Decision Neuroscience: New Approaches To the Study of Social Decision-Making
By Alan Sanfey
University of Arizona, Psychology
March 19, 2009
Our lives consist of a constant stream of decisions and choices, from the mundane (will I respond to this e-mail?) to the highly consequential (will I marry this person?). The study of decision-making attempts to understand our ability to process multiple alternatives and to choose an optimal course of action. To date, the standard approach to experimentally examining decision-making has been to examine choices with clearly defined probabilities and outcomes, such as choosing between monetary gambles.
These methods have yielded many important insights into the nature of decision-making, however it is an open question as to whether decision models describing these individual situations can be extended to choices that must be made by assessing the intentions and preferences of not only oneself, but also of another social partner. This class of decision-making, namely those made in the context of social interactions, offer a useful window into more complex forms of decisions, which may in fact better approximate many of our real-life choices.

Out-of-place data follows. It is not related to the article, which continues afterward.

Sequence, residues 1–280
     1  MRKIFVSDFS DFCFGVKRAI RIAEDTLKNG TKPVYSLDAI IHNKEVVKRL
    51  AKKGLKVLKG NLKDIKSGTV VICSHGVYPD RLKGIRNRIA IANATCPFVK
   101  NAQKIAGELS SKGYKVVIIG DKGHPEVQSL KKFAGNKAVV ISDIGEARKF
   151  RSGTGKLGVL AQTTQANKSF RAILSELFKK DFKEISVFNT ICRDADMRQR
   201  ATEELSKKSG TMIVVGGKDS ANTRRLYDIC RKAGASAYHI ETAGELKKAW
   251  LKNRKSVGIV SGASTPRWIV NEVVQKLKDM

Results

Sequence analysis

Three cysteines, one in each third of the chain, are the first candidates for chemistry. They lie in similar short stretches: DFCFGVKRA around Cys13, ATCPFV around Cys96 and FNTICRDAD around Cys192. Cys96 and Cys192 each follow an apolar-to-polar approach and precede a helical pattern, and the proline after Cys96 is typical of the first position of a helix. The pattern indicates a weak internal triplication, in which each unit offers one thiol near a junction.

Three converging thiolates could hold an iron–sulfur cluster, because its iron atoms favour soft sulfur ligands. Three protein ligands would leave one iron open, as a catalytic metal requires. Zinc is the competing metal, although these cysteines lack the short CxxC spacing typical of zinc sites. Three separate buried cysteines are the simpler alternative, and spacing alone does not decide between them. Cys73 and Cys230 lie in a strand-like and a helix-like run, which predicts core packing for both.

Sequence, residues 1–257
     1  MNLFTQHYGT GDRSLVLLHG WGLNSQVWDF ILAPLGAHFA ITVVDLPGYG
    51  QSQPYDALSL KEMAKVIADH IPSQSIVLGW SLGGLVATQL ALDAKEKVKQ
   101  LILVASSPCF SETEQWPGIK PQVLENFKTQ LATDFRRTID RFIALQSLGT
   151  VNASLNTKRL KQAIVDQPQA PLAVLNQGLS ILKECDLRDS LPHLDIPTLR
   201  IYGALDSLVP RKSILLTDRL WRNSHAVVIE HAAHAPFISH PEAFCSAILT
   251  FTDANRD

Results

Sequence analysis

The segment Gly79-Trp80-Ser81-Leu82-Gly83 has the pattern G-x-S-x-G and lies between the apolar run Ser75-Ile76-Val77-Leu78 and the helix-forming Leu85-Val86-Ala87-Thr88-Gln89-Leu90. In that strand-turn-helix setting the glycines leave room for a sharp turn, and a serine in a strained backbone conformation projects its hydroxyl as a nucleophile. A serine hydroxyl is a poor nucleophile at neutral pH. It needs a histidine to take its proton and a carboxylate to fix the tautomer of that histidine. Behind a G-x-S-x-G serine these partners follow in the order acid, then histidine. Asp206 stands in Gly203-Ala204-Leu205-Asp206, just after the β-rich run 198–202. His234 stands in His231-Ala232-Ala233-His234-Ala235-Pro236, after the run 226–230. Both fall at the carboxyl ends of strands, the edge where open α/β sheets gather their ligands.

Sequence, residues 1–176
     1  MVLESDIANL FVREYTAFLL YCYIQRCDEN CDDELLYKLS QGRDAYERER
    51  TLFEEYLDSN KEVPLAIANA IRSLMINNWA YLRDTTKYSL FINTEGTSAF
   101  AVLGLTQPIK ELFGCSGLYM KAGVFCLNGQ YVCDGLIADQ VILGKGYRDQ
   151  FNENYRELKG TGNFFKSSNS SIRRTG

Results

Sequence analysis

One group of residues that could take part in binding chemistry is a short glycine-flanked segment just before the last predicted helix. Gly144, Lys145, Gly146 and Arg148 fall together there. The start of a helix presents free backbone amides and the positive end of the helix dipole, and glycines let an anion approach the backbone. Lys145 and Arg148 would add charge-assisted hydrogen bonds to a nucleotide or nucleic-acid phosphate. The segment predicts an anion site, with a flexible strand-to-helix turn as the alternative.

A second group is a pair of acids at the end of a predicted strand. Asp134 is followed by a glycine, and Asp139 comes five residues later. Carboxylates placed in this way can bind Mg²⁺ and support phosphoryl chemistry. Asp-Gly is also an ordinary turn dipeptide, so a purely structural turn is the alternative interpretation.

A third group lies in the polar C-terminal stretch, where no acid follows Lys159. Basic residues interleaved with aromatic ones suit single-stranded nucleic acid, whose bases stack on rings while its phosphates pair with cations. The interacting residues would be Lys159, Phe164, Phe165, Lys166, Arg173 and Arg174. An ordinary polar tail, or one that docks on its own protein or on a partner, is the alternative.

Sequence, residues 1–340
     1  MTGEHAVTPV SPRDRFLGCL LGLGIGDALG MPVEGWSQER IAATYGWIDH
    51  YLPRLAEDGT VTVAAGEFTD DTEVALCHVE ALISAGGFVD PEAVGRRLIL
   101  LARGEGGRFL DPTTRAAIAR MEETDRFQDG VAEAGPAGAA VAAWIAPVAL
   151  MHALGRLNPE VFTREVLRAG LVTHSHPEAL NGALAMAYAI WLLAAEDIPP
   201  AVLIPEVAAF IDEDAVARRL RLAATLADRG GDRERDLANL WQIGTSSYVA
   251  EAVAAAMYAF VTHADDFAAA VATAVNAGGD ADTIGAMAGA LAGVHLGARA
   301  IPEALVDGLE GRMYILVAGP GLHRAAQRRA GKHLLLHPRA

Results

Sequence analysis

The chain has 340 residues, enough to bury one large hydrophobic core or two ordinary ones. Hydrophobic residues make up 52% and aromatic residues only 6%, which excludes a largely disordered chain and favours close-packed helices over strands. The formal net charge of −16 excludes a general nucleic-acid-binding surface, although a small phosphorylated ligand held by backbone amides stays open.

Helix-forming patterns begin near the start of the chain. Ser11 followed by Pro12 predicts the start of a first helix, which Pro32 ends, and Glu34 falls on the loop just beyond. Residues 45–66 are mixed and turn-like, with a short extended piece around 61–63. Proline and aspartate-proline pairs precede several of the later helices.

In this talk, I will present both behavioral and neural data from several experiments we have conducted in our laboratory, where we have used economic games to observe how players decide in real, consequential, social contexts. Results demonstrate that both financial and social motivations are prominent factors in choices made in these games, and that assessing these motivations at the neural level can be useful in constructing more complete models of decision-making.
Time and location:
Thursday, March 19, 2009
3:00 - 4:30pm
Center for Social Dynamics and Complexity
ISTB-1, Room 401